BWW Review: BLACK TEETH AND A BRILLIANT SMILE, The Ambassador Bradford
Andrea Dunbar was a young, defiant writing talent and an outspoken working-class Northern voice.
The youngest playwright to have a play performed at London's Royal Court, the autobiographical elements of the three plays she wrote in her short lifetime - The Arbor, Rita, Sue and Bob Too and Shirley - were a window into her own experiences growing up on Bradford's severely deprived Buttershaw estate.
Adapted by Freedom Studios from Adelle Stripe's critically acclaimed novel of the same name, Black Teeth and a Brilliant Smile is a fictionalised account of Dunbar's brief but turbulent life. Adapted by screenwriter Lisa Holdsworth and directed by Kash Arshad, the play is performed by an entirely female cast who take on the many characters - some real, some fictionalised - that populated Dunbar's world.
The play's opening performances are taking place in the upstairs bar of Bradford's Ambassador pub, a venue which seems fitting given much of Dunbar's final years were spent at her own local, the Beacon. The audience gathers on chairs and bar stools around the small stage, itself set with a small collection of stools, a bar and a real jukebox which provides much of the play's 80s-led soundtrack.
Dunbar is played by both Emily Spowage and Lucy Hird, who embody the playwright in her latter and younger years respectively, and are supported by Laura Lindsay, Claire Marie and Balvinder Sopal in a host of other roles.
Spowage opens the play as Dunbar in her final years - frazzled, tired, likely depressed, but not without the fierceness and humour that characterised her plays. When Hird and Marie enter as a teenage Dunbar and her best friend Eileen, they are instantly recognisable as the bolshy teenage girls that anyone who has grown up in Britain will have seen a thousand times.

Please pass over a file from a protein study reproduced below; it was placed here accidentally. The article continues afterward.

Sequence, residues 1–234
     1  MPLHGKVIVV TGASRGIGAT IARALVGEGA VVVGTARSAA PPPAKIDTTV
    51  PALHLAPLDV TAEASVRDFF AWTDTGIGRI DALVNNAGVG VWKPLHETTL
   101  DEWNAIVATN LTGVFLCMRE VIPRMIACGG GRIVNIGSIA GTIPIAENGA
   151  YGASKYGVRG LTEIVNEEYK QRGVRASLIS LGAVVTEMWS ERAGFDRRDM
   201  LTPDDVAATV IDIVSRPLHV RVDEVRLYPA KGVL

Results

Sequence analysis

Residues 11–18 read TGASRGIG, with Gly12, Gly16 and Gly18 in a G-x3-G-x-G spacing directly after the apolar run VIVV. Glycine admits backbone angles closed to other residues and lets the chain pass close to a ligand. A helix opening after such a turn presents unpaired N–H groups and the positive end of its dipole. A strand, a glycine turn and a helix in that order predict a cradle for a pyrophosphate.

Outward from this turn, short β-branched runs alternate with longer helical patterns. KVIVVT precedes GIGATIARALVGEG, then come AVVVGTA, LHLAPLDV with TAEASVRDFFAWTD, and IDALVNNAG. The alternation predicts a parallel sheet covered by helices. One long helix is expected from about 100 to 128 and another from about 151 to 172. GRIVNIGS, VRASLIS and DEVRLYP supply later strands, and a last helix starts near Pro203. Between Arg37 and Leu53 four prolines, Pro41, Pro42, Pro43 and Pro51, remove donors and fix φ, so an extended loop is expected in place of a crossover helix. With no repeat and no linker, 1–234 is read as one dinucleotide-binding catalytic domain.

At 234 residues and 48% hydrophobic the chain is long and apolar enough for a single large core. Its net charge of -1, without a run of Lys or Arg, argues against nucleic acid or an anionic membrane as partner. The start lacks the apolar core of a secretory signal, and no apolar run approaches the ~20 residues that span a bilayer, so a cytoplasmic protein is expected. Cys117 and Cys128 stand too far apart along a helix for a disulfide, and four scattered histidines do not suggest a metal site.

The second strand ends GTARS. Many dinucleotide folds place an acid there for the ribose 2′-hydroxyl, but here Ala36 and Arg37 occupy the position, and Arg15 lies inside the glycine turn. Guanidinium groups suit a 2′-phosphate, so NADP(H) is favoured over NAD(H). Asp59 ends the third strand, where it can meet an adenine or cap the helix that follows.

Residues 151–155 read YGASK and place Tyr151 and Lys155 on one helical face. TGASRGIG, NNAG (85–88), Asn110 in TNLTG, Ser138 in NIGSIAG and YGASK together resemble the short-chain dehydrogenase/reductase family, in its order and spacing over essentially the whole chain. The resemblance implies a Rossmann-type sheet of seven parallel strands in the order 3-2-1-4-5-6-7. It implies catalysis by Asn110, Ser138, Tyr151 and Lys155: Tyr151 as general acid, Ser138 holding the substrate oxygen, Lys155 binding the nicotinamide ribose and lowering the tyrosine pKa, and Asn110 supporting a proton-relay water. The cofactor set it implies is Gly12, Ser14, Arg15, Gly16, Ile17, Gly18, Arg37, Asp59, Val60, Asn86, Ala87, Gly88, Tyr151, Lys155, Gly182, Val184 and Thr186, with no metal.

What stands out about these performances is how strikingly fully realised they are. They are full of light and shade, and Spowager in particular outstandingly emotes Dunbar's struggles towards the end of her life with such realism that at times it felt almost uncomfortable to be witnessing something so personal. This is also a testament to the three writers who shaped this piece; Holdsworth, Stripe and of course Dunbar herself.
The play moves through Dunbar's life via a series of vignette-like scenes that are framed by and interspersed with scenes featuring the older version of Dunbar. It touches on her miscarriage and the subsequent writing of her first play at just 15, her friendships, relationships, struggles with fame and alienation from her community. It is fast-paced and tightly executed, despite the small space the company have to work with, and never feels hard to follow.
Sound designer Karen Lauke's well-chosen soundtrack and Hannah Sibai's design gives the play a distinctly 80s feel, and neatly integrated ambient sound is surprisingly effective at creating a sense of life and location outside the pub set.
It is worth noting that the play has received criticism from members of Dunbar's family. However, Freedom Studios make it clear that Black Teeth and a Brilliant Smile is a fictionalised version of events, one that has been "manipulated, restructured and embellished".
If we can separate the play from the realities of Andrea Dunbar's life, audiences will find a deeply human celebration of a young, female, regional, working-class voice who was important not in spite of, but because of, the life she led and the place she came from.
Looking around before the play began, I was struck by how much more diverse the audience was in comparison to most of the plays I have seen in traditional theatre settings. This production succeeds not only because it is brilliantly performed and full of life, but because it speaks to a tradition of storytelling in community spaces that is particularly strong in regional theatre, and champions vibrant marginalised voices with the candidness that epitomised Dunbar's own work.
Photo credit: Tim Smith